Another theory is. Researchers in the 19th century recorded conversations with elders who recounted an oral tradition of the Cherokee people migrating south from the Great Lakes region in ancient times, they may have moved south into Muscogee Creek territory and settled at the sites of mounds built by the Mississippian culture and earlier moundbuilders. In the 19th century, European-American settlers mistakenly attributed several Mississippian culture sites in Georgia to the Cherokee, including Moundville and Etowah Mounds. However, other evidence shows that the Cherokee did not reach this part of Georgia until the late 18th century and could not have built the mounds; the Connestee people, believed to be ancestors of the Cherokee, occupied western North Carolina circa 200 to 600 CE. Pre-contact Cherokee are considered to be part of the Pisgah Phase of Southern Appalachia, which lasted from circa 1000 to 1500. Despite the consensus among most specialists in Southeast archeology and anthropology, some scholars contend that ancestors of the Cherokee people lived in western North Carolina and eastern Tennessee for a far longer period of time.
During the late Archaic and Woodland Period, Native Americans in the region began to cultivate plants such as marsh elder, pigweed and some native squash. People created new art forms such as shell gorgets, adopted new technologies, developed an elaborate cycle of religious ceremonies. During the Mississippian culture-period, local women developed a new variety of maize called eastern flint corn, it resembled modern corn and produced larger crops. The successful cultivation of corn surpluses allowed the rise of larger, more complex chiefdoms consisting of several villages and concentrated populations during this period. Corn became celebrated among numerous peoples in religious ceremonies the Green Corn Ceremony. Much of what is known about pre-18th-century Native American cultures has come from records of Spanish expeditions; the earliest ones of the mid-16th-century encountered people of the Mississippian culture, the ancestors to tribes in the Southeast such as
The Neuse River is a river rising in the Piedmont of North Carolina and emptying into Pamlico Sound below New Bern. Its total length is 275 miles, making it the longest river contained in North Carolina; the Trent River joins the Neuse at New Bern. Its drainage basin, measuring 5,630 square miles in area lies inside North Carolina, it is formed by the confluence of the Flat and Eno rivers prior to entering the manmade, artificial Falls Lake reservoir in northern Wake County. Its fall line shoals, known as the Falls of the Neuse, lie submerged under the waters of Falls Lake; the Neuse begins at the confluence of the Flat and Eno rivers near North Carolina. The river enters Pamlico Sound just east of Maw Point Shoal near Hobucken, North Carolina while en route to the Atlantic Ocean. Typical of rivers in the Coastal Plain of North Carolina, the Neuse enters a basin of chocolate intermittent bottomland swamp on its journey towards its outlet. One interesting exception is the "Cliffs of the Neuse" area near Goldsboro, where the river cuts a narrow 30 m gorge through limestone and sandstone bluffs.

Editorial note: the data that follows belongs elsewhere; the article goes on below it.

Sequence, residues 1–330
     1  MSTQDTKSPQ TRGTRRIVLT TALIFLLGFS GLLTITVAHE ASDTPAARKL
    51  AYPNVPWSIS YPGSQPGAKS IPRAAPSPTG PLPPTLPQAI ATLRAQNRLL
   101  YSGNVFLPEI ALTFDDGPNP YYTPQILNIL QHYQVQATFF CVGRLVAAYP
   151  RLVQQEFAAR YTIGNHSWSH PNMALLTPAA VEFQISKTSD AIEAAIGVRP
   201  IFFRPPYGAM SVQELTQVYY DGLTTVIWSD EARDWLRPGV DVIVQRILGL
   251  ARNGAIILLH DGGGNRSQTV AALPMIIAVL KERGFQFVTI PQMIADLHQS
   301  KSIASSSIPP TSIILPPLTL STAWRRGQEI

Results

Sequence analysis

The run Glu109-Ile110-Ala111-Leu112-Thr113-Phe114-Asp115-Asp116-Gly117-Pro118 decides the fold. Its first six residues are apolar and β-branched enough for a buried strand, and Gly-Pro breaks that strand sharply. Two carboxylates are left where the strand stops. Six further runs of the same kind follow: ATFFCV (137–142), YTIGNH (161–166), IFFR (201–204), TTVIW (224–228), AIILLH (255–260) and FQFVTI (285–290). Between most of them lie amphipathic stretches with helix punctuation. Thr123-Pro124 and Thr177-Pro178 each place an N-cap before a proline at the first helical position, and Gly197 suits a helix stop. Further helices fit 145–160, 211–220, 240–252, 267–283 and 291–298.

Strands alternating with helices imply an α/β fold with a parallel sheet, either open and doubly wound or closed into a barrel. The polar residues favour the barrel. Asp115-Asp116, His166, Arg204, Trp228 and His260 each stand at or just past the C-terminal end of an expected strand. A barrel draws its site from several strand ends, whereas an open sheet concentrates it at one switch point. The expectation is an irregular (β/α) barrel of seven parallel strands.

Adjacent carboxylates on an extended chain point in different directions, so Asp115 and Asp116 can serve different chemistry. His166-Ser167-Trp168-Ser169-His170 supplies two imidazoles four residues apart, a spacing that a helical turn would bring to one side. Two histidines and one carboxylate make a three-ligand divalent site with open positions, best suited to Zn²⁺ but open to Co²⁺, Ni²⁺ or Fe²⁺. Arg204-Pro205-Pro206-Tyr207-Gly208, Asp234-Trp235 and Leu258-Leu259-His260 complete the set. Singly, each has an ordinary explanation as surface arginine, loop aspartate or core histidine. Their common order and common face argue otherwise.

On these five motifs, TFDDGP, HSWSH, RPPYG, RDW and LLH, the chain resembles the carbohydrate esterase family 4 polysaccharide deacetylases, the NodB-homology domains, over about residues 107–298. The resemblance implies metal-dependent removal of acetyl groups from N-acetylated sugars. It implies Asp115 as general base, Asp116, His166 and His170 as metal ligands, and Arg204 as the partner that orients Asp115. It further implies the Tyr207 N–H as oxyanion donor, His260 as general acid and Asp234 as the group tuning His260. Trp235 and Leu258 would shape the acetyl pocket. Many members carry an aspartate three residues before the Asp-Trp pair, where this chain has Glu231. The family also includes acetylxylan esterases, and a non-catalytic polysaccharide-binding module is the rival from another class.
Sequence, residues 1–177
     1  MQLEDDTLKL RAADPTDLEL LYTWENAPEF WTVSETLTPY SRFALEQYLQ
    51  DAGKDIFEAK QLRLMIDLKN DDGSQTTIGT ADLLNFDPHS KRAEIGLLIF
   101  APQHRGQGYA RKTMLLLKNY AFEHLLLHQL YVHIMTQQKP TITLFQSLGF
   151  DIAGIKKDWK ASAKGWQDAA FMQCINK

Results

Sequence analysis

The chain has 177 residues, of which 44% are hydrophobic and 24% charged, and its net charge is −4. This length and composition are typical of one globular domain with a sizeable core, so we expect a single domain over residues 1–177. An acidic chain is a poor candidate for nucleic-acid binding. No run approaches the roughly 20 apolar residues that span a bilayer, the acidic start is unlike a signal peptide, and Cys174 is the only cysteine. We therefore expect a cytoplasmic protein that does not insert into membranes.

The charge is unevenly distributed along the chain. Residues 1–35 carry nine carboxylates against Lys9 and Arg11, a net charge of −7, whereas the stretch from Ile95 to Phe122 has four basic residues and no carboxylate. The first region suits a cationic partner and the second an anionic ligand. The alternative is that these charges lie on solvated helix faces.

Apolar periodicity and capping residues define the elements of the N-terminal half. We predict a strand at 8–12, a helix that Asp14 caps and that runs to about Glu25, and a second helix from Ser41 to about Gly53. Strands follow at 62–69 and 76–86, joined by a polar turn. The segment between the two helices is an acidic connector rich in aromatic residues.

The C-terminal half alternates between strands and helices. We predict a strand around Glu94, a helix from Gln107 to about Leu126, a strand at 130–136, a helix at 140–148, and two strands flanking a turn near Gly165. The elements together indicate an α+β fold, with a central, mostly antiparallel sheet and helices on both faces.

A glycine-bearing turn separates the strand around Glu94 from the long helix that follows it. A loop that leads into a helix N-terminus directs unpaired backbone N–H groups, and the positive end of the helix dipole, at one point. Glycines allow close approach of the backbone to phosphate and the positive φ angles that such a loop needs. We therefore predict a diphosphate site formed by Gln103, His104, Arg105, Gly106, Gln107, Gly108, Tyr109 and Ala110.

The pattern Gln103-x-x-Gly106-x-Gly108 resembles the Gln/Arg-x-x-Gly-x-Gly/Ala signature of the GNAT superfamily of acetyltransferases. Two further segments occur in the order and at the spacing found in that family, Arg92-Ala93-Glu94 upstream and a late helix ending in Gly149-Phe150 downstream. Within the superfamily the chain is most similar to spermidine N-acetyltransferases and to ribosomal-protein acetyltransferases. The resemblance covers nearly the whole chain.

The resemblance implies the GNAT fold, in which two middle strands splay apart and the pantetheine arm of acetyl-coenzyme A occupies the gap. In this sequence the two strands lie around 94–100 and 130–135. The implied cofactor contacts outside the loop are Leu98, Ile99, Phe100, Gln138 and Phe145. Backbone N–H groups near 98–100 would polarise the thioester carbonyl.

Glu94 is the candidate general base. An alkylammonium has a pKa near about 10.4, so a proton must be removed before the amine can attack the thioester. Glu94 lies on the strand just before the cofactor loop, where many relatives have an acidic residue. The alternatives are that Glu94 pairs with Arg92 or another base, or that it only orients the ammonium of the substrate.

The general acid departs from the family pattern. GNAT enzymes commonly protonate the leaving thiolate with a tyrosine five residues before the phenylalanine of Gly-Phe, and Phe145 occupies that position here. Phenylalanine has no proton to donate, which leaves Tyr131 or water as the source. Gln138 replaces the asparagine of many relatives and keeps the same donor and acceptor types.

The Neuse is prone to extremes in its flow carriage escaping its banks during wet periods reducing to a trickle that can be forded on foot during prolonged drought conditions. The Neuse flows through parts of seven counties. Major cities and towns in proximity to the Neuse are Durham. For thousands of years before the Europeans arrived, different civilizations of indigenous peoples lived along the river. Many artifacts found along its banks have been traced to ancient prehistoric Native American settlements. Archaeological studies have shown waves of habitation; the river has one of the three oldest surviving English-applied placenames in the U. S. Colonists named the Neuse River after its name by the American Indian tribe known as Neusiok, with whom the early Raleigh expeditions made contact, they identified the region as the "Neusick". Two English captains, Arthur Barlowe and Phillip Armadas, were commissioned by Sir Walter Raleigh in 1584 to explore the New World, they landed on North Carolina's coast July 1584 to begin their research.
In their 1585 report to Raleigh, they wrote favorably of the Indian population in "…the country Neusiok, situated upon a goodly river called Neuse…", as it was called by the local population. In 1865 during the American Civil War, the Confederates burned one of the last ironclad warships which they had built, the Ram Neuse, to prevent its capture by Union troops; the level of the river had fallen. Nearly a century during another period of low water, the remains of the ship were discovered, it was raised in 1963. The ship was installed beside the river at the Governor Caswell Memorial in Kinston; the low-head Quaker Neck Dam was built in 1952 at Neuse River kilometer 225 to impound cooling water for a steam electric plant. A fish ladder was included; the dam was removed in May 1998, opening up access for anadromous fish to 127 kilometres of the mainstem Neuse River. The Neuse has been plagued in recent years with environmental and public health problems related to municipal and agricultural waste water discharge, storm runoff, other sources of pollution.